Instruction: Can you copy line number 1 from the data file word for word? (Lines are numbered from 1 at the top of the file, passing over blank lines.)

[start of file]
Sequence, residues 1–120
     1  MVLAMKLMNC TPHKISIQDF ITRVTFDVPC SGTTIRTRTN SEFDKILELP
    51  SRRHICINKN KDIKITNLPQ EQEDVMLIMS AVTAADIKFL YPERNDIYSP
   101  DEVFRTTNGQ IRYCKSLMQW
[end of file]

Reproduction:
Sequence, residues 1–120